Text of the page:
Igor Torbakov is a consultant for the Central Eurasia Project, Open Society Institute, posted in Istanbul, Turkey.
In his fall 1999 inaugural speech, Leonid Kuchma, the newly reelected president of Ukraine, unveiled Ukraine's top foreign policy priorities. His most important objectives, he said, would be to deepen the ties with the European Union, to realize the so-called European option of the Ukrainian people, and ultimately bring his country into the exclusive club of rich European nations and the rest of "Euro-Atlantic structures." The other two priorities were combined in a somewhat contradictory endeavor to develop a strategic partnership with both Russia and the United States. President Kuchma christened the entire--and rather shaky--edifice a "multi-vector diplomacy."
Today this glorious construct seems to be lying in shambles. Westerners--Europeans and Americans alike--view Kuchma's Ukraine as an authoritarian and corrupt regime, guilty of violating basic human rights and freedoms and possessing a nearly bankrupt economic system. And the embattled head of state--in light of recent scandalous revelations and accusations of gross abuses of power, complicity in the killing of an opposition journalist, and rigging of the election results--has become almost an international pariah.
Under these adverse circumstances, the needle of the Ukraine's broken foreign policy compass seems to be pointing steadily in only one direction: Moscow. Now only Vladimir Putin's Russia willingly deals with a new "sick man of Europe," hastily trying to bind Kiev closer to its former imperial master. So much for multipolar diplomacy. In this article, I trace the recent zigzags of Ukrainian-Russian relations and try to explain why hapless Kiev has found itself engaged in a glaringly unequal relationship with domineering Moscow.
In the wake of the Soviet Union's collapse, some analysts argued that the newly independent Ukraine and the Russian Federation were brand new countries with no previous experience of international relations between them and that they would start shaping ties and contacts from a "blank page." Although that was a generally correct assumption de jure, it has been an erroneous one de facto. These new state formations didn't suddenly emerge from thin air, although it is hard to deny that the unraveling of the USSR was a quite unexpected and precipitous affair. Russia, both legally and in the political psychology of its elites and masses, claimed a noble pedigree. It solemnly pronounced itself a direct successor to the mighty Russian empire and the formidable Soviet Union. In fact, the State Duma's recent adoption of a national coat of arms (the Byzantine-Muscovite double-headed eagle), flag (Peter the Great's tricolor), and anthem (the Soviet-era hymn commissioned by Stalin) is nothing less than an attempt to symbolically mark that political continuum. Ukraine, although lacking such an illustrious lineage, still was a territory where a number of efforts have been made to form a modern nation and build a sovereign state. However, and that's the point, in the timeframe of modern history, Ukraine--either in its entirety or partially--was absorbed into a Russia in one of its incarnations. Thus, from the historical perspective, the relations between contemporary Ukraine and Russia are the uneasy and bitter relations between former subject and ruler, colony and metropolis, periphery and center. This must affect and permeate every aspect of the tangled intercourse between the two East European neighbors in the last decade.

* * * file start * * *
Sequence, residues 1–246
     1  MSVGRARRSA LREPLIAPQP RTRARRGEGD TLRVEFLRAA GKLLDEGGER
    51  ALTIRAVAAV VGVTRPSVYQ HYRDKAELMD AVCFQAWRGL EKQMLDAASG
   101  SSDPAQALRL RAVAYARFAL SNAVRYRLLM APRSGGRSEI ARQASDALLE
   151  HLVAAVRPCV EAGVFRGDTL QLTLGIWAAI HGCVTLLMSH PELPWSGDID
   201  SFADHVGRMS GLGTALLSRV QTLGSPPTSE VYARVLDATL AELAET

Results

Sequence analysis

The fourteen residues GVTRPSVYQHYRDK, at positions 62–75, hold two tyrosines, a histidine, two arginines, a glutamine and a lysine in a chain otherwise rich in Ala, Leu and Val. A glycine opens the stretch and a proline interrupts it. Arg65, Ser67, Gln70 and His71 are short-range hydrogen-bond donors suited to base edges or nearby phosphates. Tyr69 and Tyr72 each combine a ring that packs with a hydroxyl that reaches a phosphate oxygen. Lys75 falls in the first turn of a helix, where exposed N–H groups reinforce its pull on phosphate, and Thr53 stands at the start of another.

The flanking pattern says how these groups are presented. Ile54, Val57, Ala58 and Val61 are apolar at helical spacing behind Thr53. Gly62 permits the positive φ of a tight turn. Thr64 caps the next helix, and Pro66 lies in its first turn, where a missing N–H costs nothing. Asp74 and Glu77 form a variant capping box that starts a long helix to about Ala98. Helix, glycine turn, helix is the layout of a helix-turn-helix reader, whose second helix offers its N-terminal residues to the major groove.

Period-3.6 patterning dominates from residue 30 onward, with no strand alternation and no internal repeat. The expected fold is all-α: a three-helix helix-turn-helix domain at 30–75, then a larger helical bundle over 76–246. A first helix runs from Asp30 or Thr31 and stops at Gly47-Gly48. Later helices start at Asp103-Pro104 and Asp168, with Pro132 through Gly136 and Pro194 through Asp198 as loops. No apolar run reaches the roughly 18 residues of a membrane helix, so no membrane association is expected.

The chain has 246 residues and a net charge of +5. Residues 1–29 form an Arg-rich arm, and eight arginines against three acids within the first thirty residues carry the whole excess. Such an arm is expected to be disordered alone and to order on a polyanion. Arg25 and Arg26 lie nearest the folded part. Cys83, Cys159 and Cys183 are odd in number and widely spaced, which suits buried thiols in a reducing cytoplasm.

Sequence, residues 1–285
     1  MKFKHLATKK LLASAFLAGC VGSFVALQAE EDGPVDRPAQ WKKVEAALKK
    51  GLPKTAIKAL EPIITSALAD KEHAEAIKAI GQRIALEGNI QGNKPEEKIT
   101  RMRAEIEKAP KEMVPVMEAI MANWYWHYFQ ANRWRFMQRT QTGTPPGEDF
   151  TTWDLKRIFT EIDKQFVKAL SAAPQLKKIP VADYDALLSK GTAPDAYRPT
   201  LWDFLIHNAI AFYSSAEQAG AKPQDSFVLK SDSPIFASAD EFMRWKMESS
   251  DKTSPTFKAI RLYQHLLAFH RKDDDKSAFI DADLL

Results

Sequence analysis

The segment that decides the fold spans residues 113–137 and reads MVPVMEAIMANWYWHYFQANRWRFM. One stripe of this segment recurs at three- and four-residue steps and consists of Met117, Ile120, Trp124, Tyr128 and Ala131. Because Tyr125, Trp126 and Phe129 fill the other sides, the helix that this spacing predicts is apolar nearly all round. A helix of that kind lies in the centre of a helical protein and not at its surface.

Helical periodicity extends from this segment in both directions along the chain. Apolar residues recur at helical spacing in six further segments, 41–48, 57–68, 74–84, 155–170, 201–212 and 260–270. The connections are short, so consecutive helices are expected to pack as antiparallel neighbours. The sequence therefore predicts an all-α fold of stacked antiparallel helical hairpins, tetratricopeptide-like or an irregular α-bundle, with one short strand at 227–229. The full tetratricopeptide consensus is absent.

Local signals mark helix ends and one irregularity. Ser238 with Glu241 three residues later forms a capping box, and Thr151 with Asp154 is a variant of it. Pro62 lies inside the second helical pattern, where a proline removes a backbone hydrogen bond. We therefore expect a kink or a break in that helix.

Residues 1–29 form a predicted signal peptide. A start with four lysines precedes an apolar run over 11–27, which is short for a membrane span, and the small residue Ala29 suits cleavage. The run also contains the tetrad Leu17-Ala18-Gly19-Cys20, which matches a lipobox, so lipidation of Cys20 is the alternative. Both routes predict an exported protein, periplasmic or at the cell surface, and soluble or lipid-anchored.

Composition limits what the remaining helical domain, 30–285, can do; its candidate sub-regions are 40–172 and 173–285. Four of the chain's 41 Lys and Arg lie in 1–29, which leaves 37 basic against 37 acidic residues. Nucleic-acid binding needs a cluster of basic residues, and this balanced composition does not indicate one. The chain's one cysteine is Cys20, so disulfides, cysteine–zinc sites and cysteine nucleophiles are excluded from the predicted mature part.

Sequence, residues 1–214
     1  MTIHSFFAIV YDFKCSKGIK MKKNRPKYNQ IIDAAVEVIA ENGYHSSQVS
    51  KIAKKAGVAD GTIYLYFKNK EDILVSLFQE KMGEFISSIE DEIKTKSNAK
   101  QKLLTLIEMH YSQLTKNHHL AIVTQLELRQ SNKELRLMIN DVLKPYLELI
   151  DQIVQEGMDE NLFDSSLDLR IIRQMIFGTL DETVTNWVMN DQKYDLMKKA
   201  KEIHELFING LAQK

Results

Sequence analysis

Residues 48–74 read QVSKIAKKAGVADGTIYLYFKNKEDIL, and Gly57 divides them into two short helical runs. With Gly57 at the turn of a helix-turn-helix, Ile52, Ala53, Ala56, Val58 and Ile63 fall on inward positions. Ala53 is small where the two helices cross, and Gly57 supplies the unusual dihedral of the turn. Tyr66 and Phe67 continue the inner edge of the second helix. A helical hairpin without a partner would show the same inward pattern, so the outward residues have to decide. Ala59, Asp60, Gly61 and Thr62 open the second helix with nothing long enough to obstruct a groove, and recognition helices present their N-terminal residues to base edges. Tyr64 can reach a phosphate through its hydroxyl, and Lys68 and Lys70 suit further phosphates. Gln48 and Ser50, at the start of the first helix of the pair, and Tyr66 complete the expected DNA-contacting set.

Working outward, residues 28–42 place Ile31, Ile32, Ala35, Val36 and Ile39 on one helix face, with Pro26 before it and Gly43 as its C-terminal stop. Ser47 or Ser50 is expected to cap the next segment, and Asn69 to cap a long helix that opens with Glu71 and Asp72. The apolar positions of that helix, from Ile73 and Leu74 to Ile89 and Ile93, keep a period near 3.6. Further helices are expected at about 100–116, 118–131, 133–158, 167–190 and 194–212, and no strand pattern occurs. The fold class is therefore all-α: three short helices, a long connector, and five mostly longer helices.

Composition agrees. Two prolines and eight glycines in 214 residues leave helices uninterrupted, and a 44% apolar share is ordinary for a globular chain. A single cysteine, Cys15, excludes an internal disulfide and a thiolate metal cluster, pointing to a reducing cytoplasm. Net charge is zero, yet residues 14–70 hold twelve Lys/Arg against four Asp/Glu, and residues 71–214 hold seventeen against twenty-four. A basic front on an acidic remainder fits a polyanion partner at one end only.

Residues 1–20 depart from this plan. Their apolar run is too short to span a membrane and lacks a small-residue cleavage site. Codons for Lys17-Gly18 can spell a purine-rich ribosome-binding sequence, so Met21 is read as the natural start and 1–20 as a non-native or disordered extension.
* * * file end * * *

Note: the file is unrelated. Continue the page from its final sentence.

One might argue that the history of Ukrainian-Russian relations is the all-too-typical story of nationalism in its now almost classical Gellnerian sense. Once there was a boundless Russian empire populated by a host of various peoples united by loyalty to the Romanov dynasty and the sacred person of the monarch. At a certain point, these peoples (Ukrainians included), or rather their elites, decided that they were entitled to have states of their own and to be ruled by their kin. …